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About Schmidt

Directed by Alexander Payne
Produced by Harry Gittes, Michael Besman
Written by Alexander Payne, Jim Taylor
Distributed by New Line Cinema

Cast: Jack Nicholson, Hope Davies, Dermot Mulroney, Len Cariou, Howard Hesseman, Kathy Bates

Warren Schmidt (Nicholson) is a healthy but exhausted 66-year-old retiring from his job as an insurance executive. At his retirement dinner, Warren is told by a colleague that if a man works hard and provides for his family, he can look back on his life with satisfaction. This is the very premise that the film, through its eponymous central character who is, unsurprisingly, the moral centre of the film, doubts. Then his doting but dim wife of forty-two years passes away, and his ‘past her prime’ daughter Jeannie (Davis) announces that she is about to marry a self-help mantra spouting waterbed salesman (Mulroney). So Warren takes off across the heartland in the Winnebago tourer he’d bought to enjoy retirement in with the wife who is no longer around, taking a leisurely route to the wedding, but encountering en route various examples of the detritus of the American way. Meanwhile, he starts sponsoring an impoverished Tanzanian boy for 73 cents a day, sharing his observations in therapeutic letters.




Having enjoyed both Citizen Ruth and Election, it’s surprising to find that writer/director Payne’s latest attempt at satire falls short of impressing, especially when it is a star vehicle for someone who is so capable of delivering. As a long-time Nicholson fan, he only has to do that trademark wall-eyed stare and raise those bushy eyebrows incredulously to crack me up, so it is a brave move that here he is so obviously cast against type. However, unlike the other recent ‘sensitive’ Nicholson movie, As Good As It Gets, this one is bereft of any redeeming humour, quirky or otherwise.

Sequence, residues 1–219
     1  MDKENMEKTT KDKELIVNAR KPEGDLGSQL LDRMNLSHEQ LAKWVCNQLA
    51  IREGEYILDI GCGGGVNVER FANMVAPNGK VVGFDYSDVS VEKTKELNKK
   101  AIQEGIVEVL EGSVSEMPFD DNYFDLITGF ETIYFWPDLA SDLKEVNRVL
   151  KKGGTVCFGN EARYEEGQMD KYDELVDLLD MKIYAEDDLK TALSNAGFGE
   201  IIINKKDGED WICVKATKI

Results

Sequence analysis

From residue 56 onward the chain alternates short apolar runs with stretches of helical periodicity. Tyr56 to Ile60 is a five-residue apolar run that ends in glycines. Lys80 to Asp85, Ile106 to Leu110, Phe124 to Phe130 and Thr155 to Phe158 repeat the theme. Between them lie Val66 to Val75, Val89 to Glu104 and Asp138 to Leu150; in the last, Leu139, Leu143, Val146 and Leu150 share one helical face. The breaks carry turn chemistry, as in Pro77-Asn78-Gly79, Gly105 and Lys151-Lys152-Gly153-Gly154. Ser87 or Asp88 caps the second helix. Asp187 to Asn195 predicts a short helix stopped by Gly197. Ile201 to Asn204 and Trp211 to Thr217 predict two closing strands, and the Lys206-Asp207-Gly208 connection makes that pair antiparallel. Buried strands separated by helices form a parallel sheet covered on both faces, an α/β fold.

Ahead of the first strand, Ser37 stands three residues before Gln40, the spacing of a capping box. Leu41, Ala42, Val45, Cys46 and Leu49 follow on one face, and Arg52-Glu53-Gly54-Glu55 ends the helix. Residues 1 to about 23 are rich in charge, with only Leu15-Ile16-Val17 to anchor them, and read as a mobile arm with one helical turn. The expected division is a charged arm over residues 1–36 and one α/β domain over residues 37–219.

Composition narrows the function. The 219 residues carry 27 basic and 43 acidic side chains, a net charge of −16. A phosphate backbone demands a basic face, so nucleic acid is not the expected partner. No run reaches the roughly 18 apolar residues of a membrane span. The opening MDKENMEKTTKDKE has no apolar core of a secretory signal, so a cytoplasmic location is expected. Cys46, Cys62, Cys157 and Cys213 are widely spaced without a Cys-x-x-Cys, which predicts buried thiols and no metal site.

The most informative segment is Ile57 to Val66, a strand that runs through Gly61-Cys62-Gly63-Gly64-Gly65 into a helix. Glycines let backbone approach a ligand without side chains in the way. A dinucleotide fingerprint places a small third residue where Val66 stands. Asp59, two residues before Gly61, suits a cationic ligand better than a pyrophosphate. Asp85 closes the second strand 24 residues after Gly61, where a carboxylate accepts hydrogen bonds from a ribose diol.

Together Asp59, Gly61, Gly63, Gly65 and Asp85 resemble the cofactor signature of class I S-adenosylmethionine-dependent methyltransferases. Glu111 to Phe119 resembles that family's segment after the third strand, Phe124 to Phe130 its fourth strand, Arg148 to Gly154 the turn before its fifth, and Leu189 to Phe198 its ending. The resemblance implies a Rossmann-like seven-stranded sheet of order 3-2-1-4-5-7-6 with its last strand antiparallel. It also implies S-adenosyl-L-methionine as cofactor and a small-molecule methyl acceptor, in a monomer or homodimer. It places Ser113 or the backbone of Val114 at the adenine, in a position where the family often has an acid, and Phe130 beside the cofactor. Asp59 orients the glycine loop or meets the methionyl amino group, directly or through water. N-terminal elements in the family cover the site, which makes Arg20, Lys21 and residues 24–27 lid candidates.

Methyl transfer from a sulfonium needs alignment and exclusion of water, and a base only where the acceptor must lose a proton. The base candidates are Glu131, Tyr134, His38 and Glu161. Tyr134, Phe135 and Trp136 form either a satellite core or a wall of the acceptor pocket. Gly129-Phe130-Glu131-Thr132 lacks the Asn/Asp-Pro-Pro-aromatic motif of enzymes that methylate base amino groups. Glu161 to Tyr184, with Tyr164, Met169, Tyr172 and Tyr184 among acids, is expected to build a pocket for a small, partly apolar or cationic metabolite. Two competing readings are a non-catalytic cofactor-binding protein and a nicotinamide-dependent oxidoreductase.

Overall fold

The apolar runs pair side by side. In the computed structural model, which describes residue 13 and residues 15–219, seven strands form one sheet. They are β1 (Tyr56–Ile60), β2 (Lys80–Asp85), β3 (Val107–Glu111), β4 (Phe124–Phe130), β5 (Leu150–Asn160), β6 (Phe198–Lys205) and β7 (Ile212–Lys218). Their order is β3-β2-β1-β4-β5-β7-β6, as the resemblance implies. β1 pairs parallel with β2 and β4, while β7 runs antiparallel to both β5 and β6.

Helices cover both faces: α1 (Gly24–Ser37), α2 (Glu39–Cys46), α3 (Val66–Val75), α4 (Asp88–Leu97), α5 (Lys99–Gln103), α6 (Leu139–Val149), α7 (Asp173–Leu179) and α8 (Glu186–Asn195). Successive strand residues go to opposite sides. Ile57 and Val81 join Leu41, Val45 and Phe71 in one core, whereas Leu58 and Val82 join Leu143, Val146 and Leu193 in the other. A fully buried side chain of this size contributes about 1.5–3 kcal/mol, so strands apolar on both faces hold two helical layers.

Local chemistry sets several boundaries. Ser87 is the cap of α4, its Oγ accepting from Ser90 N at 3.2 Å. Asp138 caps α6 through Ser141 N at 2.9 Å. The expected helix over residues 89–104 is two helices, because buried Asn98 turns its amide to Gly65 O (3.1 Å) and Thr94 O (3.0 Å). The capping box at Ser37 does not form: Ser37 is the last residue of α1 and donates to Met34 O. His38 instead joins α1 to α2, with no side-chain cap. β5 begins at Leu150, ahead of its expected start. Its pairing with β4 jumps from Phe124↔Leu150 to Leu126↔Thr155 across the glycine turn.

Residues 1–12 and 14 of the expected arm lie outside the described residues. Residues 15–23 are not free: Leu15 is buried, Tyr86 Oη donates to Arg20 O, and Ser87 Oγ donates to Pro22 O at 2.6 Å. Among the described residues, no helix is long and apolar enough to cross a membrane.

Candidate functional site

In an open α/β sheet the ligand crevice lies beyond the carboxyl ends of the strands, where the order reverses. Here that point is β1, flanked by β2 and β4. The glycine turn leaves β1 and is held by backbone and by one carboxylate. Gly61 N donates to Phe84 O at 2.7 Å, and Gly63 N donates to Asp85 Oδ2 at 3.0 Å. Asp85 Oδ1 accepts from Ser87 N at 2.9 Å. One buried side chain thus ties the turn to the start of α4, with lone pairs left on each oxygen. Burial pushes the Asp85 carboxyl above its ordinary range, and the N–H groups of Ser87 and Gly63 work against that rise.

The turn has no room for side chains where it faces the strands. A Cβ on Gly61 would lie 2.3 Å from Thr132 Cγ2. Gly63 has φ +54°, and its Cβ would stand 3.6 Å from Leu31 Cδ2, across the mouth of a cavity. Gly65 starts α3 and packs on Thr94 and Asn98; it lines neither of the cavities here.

It’s not like there aren’t good things about About Schmidt. It is a film that dares to say it’s all a lie, that old age is a time not of insight but confusion, that love doesn’t grow but gets stale, evolving into vague contempt, that having a child is no comfort, and even taking off down the road – that great American standby – offers nothing in the way of self-discovery or solace. Kathy Bates, as the randy, ex-hippie mother of Schmidt’s future son-in-law, is the closest the movie comes to comedy, giving our hero another wacko to endure, but it’s all a bit predictable, an excuse for the ‘sophisticates like ourselves’ to conspire in laughing at, rather than with, the hicks from the sticks, and so have our prejudices massaged and confirmed.

Worse, About Schmidt is irony for middle America, and while it may be big news to be introducing the concept to the denizens of the broad vowel states (Iowa, Idaho, Omaha, Nebraska) of the Mid-West (a notoriously irony-free zone) it isn’t telling the rest of us, particularly this side of the pond, anything we didn’t know already.

Of course, it can be argued that it is largely a matter of individual temperament and experience, whether or not people think that life is beautiful, or decide that it’s all a waste of time, and adopt their viewpoint as a worldview. The tragic sense of life versus the comic, with both teetering uncomfortably on the edge of farce. The trouble with About Schmidt is that it thinks it’s saying something profound, but is ultimately just as banal as the lives of the characters it represents, in a way that the pitch-perfect Far From Heaven by the excellent Todd Haynes, or the testing-the-limits-of-irony Adaptation by the ridiculously inventive Charlie Kaufman, never descend to.













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